Some of the most awkward and disturbing conversations that I’ve had about the body have taken place during a meal. There is something about sharing food with company that ignites interesting topics of conversation as pertained to our body, nature, and food. I recall one particular instance in which I went over a friend’s house for dinner. She had a couple of guests over who were preparing a make-your-own-taco buffet. We sat down on the table and began circulating the bowls full of shredded chicken, cheese, sour cream, salsa, flour tortillas, and yellow rice. I placed two tortillas on my plate and began to scoop some shredded chicken on the tortillas when I noticed one of my friend’s guests staring at me with a look of horror on her face.
“Oh my god!” she said. “Are you going to eat ALL OF THAT?!” A confused look spread over my face. I didn’t think I was eating much, but according to my guest, two tacos was beyond extravagant. A feeling of awkwardness spread across the table. I lost my appetite. The two tacos remained on the plate, virtually untouched.
It was no secret that my friend’s guest was known for having body-image issues. Between her unstable diet and her insane workout regimen, it was a miracle that she seemed so lively and healthy. This was not the first time she made a weird or rude comment regarding food. Who could forget the time she called out my friend for eating an entire bowl of cocoa pebbles? Or the time she offered to serve us dessert, and served each one of us a 1×1″ square of brownie with a tablespoon of vanilla ice-cream on top, insisting that we must not exaggerate? But it this taco incident that truly affected me negatively, and it awoke feelings in me that were dormant for a long time.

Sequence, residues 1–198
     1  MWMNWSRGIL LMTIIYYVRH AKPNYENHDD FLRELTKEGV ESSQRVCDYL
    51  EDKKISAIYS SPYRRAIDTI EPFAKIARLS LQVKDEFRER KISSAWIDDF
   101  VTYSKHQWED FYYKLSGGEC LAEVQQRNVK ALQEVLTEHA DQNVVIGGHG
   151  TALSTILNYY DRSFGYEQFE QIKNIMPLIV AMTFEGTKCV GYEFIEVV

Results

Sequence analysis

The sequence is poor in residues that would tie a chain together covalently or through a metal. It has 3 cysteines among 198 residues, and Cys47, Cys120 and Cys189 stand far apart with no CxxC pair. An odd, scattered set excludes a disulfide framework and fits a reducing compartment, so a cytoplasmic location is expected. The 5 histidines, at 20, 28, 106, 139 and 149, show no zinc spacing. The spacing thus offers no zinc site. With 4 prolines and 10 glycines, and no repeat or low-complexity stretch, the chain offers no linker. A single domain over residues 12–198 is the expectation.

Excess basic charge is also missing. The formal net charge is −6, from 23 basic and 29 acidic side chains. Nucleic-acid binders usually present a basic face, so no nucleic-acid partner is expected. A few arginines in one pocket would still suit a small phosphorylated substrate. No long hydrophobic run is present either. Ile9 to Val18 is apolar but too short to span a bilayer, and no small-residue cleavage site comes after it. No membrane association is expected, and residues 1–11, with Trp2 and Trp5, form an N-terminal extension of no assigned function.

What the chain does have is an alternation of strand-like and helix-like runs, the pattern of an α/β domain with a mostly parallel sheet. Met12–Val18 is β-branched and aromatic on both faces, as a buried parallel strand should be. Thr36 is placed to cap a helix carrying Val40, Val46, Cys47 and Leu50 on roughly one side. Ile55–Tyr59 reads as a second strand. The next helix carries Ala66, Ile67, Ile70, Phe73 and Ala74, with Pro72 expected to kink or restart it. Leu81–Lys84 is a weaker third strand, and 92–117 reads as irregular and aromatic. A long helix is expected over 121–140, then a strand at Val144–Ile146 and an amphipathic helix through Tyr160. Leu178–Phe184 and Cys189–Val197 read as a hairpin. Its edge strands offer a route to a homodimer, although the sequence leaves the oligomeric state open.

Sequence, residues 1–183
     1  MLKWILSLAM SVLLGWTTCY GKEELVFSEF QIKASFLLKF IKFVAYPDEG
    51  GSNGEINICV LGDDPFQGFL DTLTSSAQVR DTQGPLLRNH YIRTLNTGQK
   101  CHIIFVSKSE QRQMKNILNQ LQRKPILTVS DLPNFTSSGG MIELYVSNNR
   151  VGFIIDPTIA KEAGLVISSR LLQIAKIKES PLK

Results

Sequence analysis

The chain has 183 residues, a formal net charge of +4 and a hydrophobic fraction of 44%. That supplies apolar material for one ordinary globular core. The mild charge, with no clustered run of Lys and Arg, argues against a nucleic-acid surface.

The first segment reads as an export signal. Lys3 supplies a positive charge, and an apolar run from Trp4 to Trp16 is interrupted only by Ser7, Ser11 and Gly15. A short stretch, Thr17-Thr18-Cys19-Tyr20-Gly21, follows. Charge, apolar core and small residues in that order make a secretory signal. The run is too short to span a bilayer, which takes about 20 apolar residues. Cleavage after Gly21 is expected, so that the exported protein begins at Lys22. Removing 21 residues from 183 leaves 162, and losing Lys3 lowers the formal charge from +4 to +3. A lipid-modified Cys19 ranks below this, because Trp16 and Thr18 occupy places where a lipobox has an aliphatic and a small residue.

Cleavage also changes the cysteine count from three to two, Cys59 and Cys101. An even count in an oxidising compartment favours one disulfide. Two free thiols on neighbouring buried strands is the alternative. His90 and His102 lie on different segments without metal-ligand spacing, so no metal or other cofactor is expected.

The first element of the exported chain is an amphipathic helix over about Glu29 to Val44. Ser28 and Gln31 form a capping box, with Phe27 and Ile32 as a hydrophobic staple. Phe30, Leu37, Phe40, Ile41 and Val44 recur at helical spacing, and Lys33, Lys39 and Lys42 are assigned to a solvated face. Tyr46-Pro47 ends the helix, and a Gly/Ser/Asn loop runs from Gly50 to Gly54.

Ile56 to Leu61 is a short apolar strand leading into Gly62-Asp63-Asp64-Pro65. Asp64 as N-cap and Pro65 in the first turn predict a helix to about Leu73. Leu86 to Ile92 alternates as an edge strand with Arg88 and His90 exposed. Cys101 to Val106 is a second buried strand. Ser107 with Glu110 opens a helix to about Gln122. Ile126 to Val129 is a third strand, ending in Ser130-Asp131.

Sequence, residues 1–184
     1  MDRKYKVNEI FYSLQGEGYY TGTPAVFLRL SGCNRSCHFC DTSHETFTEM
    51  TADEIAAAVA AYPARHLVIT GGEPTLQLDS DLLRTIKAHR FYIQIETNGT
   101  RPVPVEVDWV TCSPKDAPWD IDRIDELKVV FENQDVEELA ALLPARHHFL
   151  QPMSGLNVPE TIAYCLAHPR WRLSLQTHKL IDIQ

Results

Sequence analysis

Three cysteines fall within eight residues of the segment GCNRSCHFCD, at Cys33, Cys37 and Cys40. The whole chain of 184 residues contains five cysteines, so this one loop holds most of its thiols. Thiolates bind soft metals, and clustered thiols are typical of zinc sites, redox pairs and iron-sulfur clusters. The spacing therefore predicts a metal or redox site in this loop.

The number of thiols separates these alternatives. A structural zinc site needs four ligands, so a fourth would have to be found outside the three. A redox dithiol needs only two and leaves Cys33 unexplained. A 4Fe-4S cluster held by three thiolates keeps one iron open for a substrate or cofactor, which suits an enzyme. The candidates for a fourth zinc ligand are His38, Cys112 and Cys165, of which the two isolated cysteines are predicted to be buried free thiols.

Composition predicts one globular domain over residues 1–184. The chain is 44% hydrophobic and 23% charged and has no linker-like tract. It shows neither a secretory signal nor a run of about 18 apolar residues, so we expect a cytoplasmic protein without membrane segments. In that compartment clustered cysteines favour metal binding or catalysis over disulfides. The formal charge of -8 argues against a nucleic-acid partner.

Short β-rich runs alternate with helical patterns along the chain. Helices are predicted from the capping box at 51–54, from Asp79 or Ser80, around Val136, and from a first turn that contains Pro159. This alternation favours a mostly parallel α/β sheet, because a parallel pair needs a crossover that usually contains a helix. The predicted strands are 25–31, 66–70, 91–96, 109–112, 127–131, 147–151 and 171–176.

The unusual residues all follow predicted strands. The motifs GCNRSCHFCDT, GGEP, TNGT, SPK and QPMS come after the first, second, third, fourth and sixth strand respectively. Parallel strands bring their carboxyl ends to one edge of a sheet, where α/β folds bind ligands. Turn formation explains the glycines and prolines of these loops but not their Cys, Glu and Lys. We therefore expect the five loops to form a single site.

I’ve always had issues with my body. I’ve always been overweight (not obese, but I certainly have extra meat on my bones), I have crooked teeth, one of my eyes is slightly bigger than the other, and yes, I have a huge nose. But over the years, I had learned to grow comfortable with my body, and I had learned to accept the fact that I deviate from normal and beautiful expectations of the body. But that taco moment really scarred me in an unprecedented way. I took the comment to be a remark on my weight and my appearance. That night, when I returned home, I stared at myself in front of the mirror. I felt disgust. I felt worthless. The head of my friend’s guest circulated around my mind, mockingly asking me if I was “going to eat ALL OF THAT!”
I don’t even think we can begin to understand just how much culture affects our interpretation and perception of the human body. We live with such an immense pressure to be perfect and desirable. This desire is so intense that it completely overshadows even the most basic of biological needs: food, sex, and even rest. It comes as no surprise that because of these unrealistic cultural expectations, we have pathological phenomena such as bulimia, anorexia, among others.
These pathological phenomena are usually seen as purely negative and evil cultural manifestations. However, some reading that I have been doing during the past weeks is pushing me to question the extent to which diseases such as anorexia and bulimia are purely evil. I think we rarely seek liberation and emancipation in cultural expressions that seem subversive, violent, and even dangerous. Furthermore, I think that a dichotomous view of the word always limits our capacity to deal with notions such as morality: we either view things as entirely good or entirely bad, refusing to see the gray area that exists in between. However, I think that we’re all very well aware of the fact that the gray area tends to possess the most powerful explanatory power when it comes to grappling with difficult or controversial topics.
Does anorexia have a “positive side”? Can anorexia, despite its danger, be viewed as emancipatory? Can issues of the body be viewed as a type of protest? Feminist scholars such Susie Orbach, and Susan Bordo in her discussion of the body and the reproduction of femininity in her book Unbearable Weight: Feminism, Western Culture, and the Body discuss the plausibility of this notion. As pointed out by Bordo in her discussion: